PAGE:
My fellow blogger Tzvee Zahavy has written a fascinating book titled God’s Favorite Prayers (Teaneck, NJ: Talmudic Books, 2011). The book deals with Jewish prayers and spirituality.
Zahavy is an expert in the fields of Judaism, Talmud, and Jewish liturgy. He is the author of many books, articles, and book reviews. He taught at the University of Minnesota and at the Jewish Theological Seminary in New York City.
Zahavy says that God’s Favorite Prayers was written as a result of his spiritual quest. His quest was to discover God’s favorite prayers and the ideal synagogue. In his quest for the perfect religious experience and in order to find the ideal synagogue, Zahavy decided “to pray at least one time in every one of the synagogues in Jerusalem” (p. 10).
The book narrates stories about people he has met in his search for the ideal synagogue. Zahavy introduces several people and different events that touched his life and made an impact on his spiritual journey. His journey was an attempt at discovering the deep meanings present in classical Jewish liturgies and to focus on the prayers recited in Jewish worship.
The approach Zahavy takes to explain the importance of prayer and spirituality in the lives of those people who worship God in the synagogue is by introducing six ideal personalities who serve as archetypes of Jewish worshipers and their prayers.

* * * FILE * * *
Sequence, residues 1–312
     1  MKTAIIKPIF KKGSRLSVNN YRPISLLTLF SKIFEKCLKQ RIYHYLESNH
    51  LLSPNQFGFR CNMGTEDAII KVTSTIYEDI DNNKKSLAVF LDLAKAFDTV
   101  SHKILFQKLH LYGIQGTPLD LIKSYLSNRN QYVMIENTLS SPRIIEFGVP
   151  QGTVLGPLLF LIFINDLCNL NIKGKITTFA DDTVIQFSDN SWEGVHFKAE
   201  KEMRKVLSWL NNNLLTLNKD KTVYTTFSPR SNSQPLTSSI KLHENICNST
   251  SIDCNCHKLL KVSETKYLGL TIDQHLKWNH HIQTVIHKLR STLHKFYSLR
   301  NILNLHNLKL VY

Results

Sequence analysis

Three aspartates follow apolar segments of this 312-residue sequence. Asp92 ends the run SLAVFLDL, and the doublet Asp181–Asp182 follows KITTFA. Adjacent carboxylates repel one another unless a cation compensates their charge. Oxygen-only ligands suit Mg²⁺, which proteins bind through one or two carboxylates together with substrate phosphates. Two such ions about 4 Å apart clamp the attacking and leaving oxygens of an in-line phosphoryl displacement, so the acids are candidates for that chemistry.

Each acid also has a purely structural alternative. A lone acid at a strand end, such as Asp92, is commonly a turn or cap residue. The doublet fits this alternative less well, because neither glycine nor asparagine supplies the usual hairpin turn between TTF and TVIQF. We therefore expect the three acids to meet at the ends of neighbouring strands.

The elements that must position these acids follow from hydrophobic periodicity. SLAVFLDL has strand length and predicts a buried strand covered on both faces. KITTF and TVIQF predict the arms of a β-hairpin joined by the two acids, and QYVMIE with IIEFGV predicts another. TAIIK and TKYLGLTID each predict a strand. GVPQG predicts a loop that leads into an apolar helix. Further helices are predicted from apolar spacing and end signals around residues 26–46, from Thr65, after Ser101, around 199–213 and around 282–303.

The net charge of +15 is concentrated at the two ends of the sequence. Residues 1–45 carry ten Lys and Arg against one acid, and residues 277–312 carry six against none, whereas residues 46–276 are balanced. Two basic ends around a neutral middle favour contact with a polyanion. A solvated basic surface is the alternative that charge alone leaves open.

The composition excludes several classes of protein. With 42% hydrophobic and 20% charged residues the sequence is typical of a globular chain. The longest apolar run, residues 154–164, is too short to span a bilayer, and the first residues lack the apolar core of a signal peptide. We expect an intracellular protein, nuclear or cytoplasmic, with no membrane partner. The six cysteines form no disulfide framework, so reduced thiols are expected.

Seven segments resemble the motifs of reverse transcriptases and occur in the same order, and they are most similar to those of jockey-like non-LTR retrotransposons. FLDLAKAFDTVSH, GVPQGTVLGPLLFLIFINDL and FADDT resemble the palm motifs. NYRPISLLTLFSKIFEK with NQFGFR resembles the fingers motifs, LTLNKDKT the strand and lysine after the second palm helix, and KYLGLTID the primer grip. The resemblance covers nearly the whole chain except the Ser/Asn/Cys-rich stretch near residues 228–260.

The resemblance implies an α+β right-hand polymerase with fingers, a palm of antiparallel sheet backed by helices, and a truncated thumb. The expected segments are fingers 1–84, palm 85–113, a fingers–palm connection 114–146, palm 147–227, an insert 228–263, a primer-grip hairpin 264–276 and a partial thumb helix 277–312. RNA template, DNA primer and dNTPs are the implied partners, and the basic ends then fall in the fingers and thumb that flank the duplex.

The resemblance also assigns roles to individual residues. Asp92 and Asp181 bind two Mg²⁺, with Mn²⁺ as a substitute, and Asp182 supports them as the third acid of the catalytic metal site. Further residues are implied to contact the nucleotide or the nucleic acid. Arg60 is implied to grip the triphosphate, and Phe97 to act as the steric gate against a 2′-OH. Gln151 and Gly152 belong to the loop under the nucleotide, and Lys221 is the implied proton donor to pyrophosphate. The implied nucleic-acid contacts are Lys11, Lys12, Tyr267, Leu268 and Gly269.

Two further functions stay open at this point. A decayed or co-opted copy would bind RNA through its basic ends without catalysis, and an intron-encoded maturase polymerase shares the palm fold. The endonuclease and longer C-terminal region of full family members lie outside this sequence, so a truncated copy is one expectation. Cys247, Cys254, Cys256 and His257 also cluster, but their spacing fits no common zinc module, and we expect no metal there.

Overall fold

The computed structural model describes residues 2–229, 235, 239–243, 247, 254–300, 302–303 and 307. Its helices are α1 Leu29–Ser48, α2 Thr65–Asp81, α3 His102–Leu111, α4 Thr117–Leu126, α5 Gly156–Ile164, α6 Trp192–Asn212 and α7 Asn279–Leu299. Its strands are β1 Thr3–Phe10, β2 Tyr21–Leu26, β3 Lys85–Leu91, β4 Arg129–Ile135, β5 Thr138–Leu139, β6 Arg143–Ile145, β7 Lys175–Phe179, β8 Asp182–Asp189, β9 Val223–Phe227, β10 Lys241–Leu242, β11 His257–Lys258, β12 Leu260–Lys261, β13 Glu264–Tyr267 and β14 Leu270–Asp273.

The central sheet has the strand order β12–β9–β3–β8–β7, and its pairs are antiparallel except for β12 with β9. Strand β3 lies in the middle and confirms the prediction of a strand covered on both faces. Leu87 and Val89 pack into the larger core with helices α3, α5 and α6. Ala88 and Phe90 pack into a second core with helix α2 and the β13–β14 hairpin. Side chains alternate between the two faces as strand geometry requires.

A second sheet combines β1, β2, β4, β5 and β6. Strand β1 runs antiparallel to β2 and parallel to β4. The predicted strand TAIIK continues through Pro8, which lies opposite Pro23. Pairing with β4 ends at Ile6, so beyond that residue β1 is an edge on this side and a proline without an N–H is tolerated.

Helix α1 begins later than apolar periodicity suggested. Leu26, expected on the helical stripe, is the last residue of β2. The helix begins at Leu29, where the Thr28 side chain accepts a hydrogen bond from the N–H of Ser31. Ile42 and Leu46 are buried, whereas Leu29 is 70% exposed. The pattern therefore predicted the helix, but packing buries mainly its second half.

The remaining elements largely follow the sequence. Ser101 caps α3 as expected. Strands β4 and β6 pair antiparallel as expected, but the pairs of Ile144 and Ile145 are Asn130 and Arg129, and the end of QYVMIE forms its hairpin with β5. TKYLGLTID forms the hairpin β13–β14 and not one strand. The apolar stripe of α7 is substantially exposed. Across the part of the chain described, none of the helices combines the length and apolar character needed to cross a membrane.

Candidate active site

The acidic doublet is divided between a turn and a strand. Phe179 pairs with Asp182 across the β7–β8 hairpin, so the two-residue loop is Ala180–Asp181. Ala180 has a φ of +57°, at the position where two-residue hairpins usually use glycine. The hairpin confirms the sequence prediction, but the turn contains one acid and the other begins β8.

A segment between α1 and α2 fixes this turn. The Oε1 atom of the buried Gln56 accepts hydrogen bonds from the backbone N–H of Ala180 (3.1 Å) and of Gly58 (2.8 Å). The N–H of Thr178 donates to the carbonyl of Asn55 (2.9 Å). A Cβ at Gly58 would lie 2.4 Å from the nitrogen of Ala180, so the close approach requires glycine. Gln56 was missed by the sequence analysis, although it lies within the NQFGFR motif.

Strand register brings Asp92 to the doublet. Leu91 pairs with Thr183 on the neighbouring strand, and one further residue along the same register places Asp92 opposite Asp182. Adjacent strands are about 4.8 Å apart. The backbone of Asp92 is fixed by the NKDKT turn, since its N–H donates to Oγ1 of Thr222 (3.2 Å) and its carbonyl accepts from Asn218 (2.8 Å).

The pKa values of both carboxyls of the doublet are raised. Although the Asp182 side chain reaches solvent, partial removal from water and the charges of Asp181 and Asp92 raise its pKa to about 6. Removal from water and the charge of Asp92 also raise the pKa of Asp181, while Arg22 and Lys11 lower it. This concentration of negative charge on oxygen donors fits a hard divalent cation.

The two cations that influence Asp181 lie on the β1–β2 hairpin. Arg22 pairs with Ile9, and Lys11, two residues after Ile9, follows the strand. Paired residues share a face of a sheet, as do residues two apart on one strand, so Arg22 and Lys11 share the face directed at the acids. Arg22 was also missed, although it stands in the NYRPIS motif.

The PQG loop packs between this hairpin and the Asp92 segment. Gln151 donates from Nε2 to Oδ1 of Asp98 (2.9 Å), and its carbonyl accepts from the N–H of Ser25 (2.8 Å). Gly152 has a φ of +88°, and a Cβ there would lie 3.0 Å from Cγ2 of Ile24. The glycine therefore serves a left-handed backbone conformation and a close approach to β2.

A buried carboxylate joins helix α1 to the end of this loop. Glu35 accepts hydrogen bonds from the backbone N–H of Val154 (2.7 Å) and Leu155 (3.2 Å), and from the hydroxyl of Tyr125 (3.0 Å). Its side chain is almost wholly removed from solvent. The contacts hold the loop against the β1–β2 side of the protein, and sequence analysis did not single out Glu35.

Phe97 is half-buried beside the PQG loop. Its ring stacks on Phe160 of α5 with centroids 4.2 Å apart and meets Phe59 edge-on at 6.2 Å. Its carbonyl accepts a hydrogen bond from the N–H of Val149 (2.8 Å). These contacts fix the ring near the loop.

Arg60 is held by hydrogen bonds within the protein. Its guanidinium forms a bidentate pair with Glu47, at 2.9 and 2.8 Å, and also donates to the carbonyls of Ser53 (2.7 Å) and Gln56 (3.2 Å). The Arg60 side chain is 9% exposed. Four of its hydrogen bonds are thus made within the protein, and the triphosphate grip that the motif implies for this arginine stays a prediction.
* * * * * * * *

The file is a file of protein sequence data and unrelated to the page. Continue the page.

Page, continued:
These six archetypes are people who “seek spirituality according to their own understanding of God and Judaism” (p. 69). When Jews pray, “they engage in sacred rituals and they recite and sing and meditate prayers that derive from six distinct archetypes” (p. 1).
The first archetype is “The Performer.” The performer is the person in the synagogue, the cantor or the Torah reader, who leads the congregation in reading passages from the Torah. He is the one who knows “the words of the prayers, their traditional tunes and how they must be performed in the services” (p. 27). The congregation acts “as a performing chorus” (p. 26) as they praise God with God’s favorite prayers. As Zahavy said, “the Bible is a big component of God’s favorite prayers.”
The second archetype is “The Mystic.” To explain the mystic’s prayer, Zahavy uses the prayer of Hannah as an example of other mystics who pray in a holy place. The mystic is the person in the synagogue who seeks a more personal and deeper relationship with God. The mystic recites texts that reflect the praises of divine beings. One example of a mystic prayer is the Kaddish, a liturgical prayer recited in the synagogue.
The third archetype is “The Scribe.” The scribe is the person who values the written word, record keeping, and scholarly work. The scribe is the one who knows that God keeps records, and values social stability. The liturgy of Rosh Hashanah expresses the scribe’s concern, for the liturgy “portrays for us a God who sits annually in judgment, reading from a book of records to determine the fate of the Jewish people and of humankind for the coming spiritual year” (p. 88).